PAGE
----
Nikkor 1.2 Focusing Throw

Discussion in '35mm Cameras and Accessories' started by LJSLATER, Jan 27, 2012.

  1. LJSLATER

    LJSLATER Member

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    I currently own a 50mm f/1.2 AIS. I've seen pictures of the AIS version side-by-side with the older AI, and the latter (like most if not all AI and pre-AI lenses) seems to have a longer focusing throw, meaning the distances are more spread out, facilitating more accurate but slower focusing. Has anyone used both the AIS and AI versions? Is there a noticable difference in the ease of focusing accurately?

    I ask because I get frustrated when trying to critically focus with my sample; the focusing ring doesn't feel precise enough. There's also a little bit of play when focusing back and forth, meaning when I switch directions, I can turn the focusing ring a fraction of a rotation before the helicoids move.
     
  2. djacobox372

    djacobox372 Member

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    Older ai lenses typically have more "throw," quicker focusing was one of the upgrades of the newer lenses.

    As for the play, my 1.2 ais has no play--from my experience only well used lenses develop a bit of play.
     
  3. RidingWaves

    RidingWaves Member

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    I have and use an Ai version. Mine has had extensive use and has excessive play, I've adjusted what I can but some parts are just plain worn out and parts are NLA. But I stress, it took a long time and a lot of shooting for it to get this way. It was pretty worn when I got it and then I put 12 years of regular wedding shooting on it.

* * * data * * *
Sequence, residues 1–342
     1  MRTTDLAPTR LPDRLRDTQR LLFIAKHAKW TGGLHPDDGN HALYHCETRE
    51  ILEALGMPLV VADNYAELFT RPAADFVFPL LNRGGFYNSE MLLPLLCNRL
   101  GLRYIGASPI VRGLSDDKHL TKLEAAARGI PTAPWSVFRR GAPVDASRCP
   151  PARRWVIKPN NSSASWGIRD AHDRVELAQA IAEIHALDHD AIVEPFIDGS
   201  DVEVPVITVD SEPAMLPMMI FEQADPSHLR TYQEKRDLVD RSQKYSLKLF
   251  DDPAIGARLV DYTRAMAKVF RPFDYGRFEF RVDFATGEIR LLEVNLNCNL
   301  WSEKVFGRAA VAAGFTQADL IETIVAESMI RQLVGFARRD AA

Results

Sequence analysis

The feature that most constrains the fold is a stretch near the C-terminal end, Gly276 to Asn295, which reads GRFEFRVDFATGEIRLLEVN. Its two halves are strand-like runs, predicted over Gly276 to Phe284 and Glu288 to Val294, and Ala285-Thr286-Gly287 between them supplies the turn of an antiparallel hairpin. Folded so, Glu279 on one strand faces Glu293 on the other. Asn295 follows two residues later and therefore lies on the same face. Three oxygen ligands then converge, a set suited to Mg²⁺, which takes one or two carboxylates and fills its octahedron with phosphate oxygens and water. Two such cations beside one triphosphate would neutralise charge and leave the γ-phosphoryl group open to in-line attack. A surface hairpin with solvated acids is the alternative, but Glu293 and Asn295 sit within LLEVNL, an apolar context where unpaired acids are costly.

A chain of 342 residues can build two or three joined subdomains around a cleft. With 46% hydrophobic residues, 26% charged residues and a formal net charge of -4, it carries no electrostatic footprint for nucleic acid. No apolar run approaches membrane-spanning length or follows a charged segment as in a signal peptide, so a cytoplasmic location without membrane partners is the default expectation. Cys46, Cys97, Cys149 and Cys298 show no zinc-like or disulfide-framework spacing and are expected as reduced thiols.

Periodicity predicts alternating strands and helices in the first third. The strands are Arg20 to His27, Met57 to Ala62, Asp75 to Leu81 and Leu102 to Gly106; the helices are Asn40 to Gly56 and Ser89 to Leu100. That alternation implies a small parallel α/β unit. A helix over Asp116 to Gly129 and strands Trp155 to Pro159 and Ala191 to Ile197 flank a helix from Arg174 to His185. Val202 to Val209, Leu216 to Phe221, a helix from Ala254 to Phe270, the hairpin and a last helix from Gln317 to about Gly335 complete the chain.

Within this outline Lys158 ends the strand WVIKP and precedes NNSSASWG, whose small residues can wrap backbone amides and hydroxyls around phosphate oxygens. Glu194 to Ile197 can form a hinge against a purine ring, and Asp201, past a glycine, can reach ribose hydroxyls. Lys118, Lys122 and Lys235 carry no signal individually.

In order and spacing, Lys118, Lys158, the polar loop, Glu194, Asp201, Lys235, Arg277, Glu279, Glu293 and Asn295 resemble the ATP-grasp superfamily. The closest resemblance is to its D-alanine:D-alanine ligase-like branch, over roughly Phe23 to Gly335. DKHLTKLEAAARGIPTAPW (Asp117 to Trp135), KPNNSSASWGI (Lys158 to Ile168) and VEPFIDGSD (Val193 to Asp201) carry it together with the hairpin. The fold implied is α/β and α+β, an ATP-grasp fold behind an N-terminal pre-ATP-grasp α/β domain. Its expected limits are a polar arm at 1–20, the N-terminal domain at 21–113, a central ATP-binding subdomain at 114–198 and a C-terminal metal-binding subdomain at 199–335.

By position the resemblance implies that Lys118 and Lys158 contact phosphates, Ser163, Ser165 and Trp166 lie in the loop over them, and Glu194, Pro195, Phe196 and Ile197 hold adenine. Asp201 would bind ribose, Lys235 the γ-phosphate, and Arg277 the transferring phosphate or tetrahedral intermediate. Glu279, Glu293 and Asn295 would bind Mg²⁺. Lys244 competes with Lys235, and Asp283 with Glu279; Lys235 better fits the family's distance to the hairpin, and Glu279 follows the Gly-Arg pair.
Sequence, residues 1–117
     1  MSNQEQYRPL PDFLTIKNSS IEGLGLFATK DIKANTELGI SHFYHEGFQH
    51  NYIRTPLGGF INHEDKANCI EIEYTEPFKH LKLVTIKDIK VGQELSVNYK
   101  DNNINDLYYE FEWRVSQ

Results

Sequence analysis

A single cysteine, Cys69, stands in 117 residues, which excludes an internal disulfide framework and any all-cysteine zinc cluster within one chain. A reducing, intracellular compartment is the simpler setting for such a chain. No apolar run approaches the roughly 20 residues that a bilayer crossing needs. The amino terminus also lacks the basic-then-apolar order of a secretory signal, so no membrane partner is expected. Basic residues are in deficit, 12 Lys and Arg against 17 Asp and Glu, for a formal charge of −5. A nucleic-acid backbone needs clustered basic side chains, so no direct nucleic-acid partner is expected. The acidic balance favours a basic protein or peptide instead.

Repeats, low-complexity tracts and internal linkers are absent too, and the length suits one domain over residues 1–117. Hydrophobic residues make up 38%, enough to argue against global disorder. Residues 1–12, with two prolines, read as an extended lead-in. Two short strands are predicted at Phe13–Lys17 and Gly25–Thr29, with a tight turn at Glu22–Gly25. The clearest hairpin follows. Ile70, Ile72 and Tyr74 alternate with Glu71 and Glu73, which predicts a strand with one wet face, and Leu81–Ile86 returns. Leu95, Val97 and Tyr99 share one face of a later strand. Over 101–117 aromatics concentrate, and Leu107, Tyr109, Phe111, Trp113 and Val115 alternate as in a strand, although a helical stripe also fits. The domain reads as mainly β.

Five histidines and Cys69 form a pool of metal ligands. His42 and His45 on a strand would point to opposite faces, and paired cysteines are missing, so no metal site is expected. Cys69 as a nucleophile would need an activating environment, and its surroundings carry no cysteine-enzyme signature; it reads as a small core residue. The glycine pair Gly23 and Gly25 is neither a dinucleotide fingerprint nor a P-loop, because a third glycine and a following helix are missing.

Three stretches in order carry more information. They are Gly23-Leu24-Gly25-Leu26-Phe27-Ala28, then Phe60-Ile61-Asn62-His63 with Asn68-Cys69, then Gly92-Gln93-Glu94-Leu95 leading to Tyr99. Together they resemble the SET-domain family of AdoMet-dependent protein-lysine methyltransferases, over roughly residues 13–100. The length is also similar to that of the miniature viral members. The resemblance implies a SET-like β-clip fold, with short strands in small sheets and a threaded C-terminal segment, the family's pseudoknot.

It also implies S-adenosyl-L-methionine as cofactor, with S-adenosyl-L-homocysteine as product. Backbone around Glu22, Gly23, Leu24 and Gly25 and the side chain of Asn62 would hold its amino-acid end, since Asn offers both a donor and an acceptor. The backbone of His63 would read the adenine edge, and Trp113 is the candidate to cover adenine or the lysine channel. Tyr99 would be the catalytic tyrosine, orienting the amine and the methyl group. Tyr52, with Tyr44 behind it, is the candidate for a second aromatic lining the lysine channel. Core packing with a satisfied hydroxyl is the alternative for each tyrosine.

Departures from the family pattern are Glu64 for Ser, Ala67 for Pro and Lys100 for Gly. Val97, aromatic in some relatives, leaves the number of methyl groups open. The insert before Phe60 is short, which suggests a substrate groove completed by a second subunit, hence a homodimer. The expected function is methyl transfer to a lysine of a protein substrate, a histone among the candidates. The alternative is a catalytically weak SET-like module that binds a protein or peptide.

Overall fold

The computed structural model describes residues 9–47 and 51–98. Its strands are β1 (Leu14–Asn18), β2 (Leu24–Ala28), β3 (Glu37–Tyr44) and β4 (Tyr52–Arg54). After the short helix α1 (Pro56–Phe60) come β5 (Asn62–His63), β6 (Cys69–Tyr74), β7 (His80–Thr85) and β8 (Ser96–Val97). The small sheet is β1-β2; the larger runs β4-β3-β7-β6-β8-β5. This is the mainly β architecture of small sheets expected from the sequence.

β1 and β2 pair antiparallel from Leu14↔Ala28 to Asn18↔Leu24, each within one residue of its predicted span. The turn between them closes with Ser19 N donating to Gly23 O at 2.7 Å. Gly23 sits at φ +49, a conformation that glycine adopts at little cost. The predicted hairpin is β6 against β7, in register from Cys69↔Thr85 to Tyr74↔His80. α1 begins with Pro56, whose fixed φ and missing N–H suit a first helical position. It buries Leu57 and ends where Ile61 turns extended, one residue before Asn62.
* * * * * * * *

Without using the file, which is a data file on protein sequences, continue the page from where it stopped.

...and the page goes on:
I have the shell of a Ais that I got of #bay ages ago for cheap, the throw is nicer, shorter. The size and weight of the elements in regards to the construction of the barrel assembly means that it puts pressure on parts when its used a lot, and if yours has that little wiggle then it most probably needs a bit of adjustment. I'd give it a good relube as well, the helicoid on the Ai is quite narrow and mine seems to work well with a bit more damping from the grease. Treat it well and it will last a really long time.
     
  4. RidingWaves

    RidingWaves Member

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    I have and use an Ai version. Mine has had extensive use and has excessive play, I've adjusted what I can but some parts are just plain worn out and parts are NLA. But I stress, it took a long time and a lot of shooting for it to get this way. It was pretty worn when I got it and then I put 12 years of regular wedding shooting on it.